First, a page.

I have pressing questions about the 3GB file knocking around PirateBay with 100m user's details. I suppose we wont be hearing any time soon about that. The current debacle aside i think FB would have a hard time cracking some niche Q&A sites like StackOverflow ... So nothing is totally a given when it comes to FB.

almost 8 years ago



"in an effort to drive adoption and traffic, questions are available publicly, and can't be restricted to friends alone" this will of course be a great opportunity for spammers. This is less of a problem on an "open" platform like Twitter where the expectation is that your tweets can be seen by everyone. People using our site - http://twithelp.me - to get answers via Twitter generally like the fact that *anyone* could help them. However, on Facebook, I'm used to doing stuff only within my circle of friends. There could be some backlash from users who suddenly find themselves being marketed to just because they asked their friends a simple question...

almost 8 years ago


Sean - Blogging Strategies

I would say its an excellent thought by Facebook. Being a dominant social networking site with over 500m users, it should really concentrate on providing more and more beneficial features like this. Because a website/business/firm with such large popularity should be able to provide one stop solution to its users/customers just as Google doing ;) 

almost 8 years ago

Matthew Phelan

Matthew Phelan, Director and Co-Founder at 4Ps Marketing

Very, very interesting. Yahoo! answers did really well but for obvious reasons I can see allot more potential for this. Might be a good place for the “Social Media Guru’s” to hang out :-)

almost 8 years ago

Andy Wooles

Andy Wooles, Director at Great Northern Design Ltd

If Facebook Questions takes off , then usability could be a major issue. With 500M users around the world, then the sheer volume of questions and answers (+spam) could really hamper its usefulness to the average FB user.

But add the ability to only share the question with 'friends'  or 'friends of friends', and it becomes a really helpful extension to the normal social chat.

almost 8 years ago

Guy Stephens

Guy Stephens, Social Customer Care Consultant at IBM Interactive Experience/GBS/Mobile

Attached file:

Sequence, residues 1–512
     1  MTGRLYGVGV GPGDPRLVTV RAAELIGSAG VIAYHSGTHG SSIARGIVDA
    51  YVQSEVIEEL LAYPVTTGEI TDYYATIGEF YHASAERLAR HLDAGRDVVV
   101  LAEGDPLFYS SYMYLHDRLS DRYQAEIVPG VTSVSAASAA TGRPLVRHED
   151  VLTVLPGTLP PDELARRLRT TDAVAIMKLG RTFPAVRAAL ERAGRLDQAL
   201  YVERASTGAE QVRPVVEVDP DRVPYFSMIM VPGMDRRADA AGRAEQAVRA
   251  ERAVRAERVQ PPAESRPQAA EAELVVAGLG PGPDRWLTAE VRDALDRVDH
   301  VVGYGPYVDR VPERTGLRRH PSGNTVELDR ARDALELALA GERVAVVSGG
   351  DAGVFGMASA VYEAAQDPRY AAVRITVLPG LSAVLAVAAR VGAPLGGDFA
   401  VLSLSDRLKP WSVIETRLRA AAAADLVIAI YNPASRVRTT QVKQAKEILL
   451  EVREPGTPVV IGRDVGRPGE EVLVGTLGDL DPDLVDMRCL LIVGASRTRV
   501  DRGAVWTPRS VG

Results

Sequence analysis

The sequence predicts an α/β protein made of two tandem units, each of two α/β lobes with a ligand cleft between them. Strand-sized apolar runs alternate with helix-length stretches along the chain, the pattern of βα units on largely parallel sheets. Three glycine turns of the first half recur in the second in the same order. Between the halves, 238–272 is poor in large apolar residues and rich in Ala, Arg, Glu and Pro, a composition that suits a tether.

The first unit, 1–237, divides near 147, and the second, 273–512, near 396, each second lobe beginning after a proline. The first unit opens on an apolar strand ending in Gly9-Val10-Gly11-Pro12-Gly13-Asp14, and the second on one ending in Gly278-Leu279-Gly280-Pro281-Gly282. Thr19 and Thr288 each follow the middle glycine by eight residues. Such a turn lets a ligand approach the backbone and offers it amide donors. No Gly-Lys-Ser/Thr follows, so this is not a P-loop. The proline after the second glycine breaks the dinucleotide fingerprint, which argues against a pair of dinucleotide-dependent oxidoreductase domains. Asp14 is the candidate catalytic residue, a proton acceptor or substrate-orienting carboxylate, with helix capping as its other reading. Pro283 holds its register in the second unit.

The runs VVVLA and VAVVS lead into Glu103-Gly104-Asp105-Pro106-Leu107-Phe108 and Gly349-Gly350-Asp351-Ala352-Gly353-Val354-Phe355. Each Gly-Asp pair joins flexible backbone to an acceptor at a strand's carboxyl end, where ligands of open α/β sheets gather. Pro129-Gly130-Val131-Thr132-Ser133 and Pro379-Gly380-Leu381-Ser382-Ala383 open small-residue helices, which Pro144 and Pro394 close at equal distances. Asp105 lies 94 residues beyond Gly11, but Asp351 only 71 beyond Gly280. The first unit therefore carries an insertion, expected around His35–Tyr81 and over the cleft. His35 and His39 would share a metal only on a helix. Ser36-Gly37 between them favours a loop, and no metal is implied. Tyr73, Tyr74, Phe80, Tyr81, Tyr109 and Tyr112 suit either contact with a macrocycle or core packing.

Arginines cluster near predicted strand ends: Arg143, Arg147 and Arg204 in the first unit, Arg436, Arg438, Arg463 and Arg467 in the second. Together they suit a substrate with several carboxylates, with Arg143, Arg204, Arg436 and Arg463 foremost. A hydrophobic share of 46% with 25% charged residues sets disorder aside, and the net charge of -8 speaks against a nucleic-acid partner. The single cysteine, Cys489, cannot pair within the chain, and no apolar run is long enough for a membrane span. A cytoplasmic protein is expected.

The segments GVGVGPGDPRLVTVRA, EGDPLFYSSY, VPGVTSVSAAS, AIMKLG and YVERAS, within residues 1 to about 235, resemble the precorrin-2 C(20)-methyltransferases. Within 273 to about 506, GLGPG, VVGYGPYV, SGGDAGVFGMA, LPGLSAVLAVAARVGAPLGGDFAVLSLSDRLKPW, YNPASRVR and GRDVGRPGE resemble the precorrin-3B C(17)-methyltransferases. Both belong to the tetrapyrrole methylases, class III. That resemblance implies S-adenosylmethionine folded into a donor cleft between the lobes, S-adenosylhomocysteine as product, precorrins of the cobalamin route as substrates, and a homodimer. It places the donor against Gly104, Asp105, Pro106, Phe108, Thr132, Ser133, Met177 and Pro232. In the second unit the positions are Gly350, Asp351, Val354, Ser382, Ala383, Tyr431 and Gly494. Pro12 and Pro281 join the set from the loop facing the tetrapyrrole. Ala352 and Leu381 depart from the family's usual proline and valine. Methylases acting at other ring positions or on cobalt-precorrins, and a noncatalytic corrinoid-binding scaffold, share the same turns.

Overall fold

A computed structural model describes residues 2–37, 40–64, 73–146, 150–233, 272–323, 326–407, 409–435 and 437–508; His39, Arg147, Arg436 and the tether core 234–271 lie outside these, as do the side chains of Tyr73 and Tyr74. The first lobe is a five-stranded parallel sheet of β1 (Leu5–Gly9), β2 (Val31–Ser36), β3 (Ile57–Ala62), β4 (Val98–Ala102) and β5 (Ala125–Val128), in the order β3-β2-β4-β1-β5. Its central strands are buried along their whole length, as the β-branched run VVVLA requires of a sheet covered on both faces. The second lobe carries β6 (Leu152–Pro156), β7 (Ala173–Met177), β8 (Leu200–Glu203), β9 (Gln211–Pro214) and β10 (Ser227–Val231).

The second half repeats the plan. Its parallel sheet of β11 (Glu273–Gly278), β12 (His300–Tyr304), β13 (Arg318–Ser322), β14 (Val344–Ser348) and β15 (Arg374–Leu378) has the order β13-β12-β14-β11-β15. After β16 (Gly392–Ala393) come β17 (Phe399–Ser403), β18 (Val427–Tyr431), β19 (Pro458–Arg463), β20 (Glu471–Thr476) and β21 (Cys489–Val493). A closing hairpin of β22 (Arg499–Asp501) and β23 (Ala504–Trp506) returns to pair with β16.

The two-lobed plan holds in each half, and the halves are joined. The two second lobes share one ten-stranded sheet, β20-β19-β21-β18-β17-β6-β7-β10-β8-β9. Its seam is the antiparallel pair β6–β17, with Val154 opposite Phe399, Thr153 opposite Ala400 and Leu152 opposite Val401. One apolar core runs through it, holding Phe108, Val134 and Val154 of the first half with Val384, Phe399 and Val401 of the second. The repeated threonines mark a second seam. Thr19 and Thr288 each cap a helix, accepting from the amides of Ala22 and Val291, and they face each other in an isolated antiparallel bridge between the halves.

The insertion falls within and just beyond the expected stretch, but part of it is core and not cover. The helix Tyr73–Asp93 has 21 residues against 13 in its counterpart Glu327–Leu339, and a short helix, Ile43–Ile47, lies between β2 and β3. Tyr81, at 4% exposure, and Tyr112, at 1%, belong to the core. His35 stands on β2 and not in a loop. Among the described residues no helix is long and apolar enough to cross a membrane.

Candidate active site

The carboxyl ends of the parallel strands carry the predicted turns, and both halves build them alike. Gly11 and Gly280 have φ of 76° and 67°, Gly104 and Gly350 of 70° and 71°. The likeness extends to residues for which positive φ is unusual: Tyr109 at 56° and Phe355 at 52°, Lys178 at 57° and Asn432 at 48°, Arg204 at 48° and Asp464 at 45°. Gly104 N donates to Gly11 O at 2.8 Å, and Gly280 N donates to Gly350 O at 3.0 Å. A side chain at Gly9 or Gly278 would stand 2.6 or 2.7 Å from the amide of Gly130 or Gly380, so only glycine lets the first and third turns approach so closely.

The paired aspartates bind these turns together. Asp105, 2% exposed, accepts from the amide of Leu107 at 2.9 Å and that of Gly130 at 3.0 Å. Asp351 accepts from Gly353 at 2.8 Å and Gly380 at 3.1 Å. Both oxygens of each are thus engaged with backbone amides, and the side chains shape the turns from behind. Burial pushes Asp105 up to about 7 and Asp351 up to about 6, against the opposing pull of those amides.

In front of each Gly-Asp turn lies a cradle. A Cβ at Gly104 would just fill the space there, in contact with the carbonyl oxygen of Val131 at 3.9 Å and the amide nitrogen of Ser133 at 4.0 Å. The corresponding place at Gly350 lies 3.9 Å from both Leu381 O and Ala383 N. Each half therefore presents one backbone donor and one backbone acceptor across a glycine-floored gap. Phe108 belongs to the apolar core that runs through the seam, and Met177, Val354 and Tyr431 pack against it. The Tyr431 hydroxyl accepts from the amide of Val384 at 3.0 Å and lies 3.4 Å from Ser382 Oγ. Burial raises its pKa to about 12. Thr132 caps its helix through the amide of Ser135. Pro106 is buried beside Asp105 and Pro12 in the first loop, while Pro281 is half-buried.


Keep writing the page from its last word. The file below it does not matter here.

It's an interesting one. The value for Facebook comes in having the potential volume of people at the outset, rather than the usual focus on having to build up the volume. Furthermore Facebook's emphasis is about creating new services that ensure they remain relevant to enough of their customer base, rather than becoming specialists in Q&A/help engines. There's no doubt that people will use it out of convenience, but so too will people continue to use other help engines that exist as well. The bigger change that Facebook Questions is possibly going to have is shifting the emphasis away from the importance we put on the answer given to the importance/status/familiarity/reputation/knowledge of the person giving the answer. 

almost 8 years ago



I recommend trying www.socialkik.com to buy Facebook fans, they have been recommended by a lot of bloggers and they can both be trusted. Socialkik can actually add fans to your Facebook page without logging into your Facebook profile, so I guess they send out thousands of suggestions to people in their network until they get 1K, 2K, 5K, 10K or 100K of Facebook fans to join your page, which is totally fine with Facebook terms of use.

over 7 years ago



Hello!!!I m from Croatia...having a 31 years...i m a Croat citizen but i wll like to go in Norway to work and live(whit my girl,she will be also workinng whit me,croatian citizen also)Can you help me to find the answer how to do that...I will like to do eny can of job..and my girl frend also,we want to stay,work in Norway to long time..Can you help me somehow,maybe know how to do that...or someone knowes agency who need a new family to stay and wor in Norway?

about 7 years ago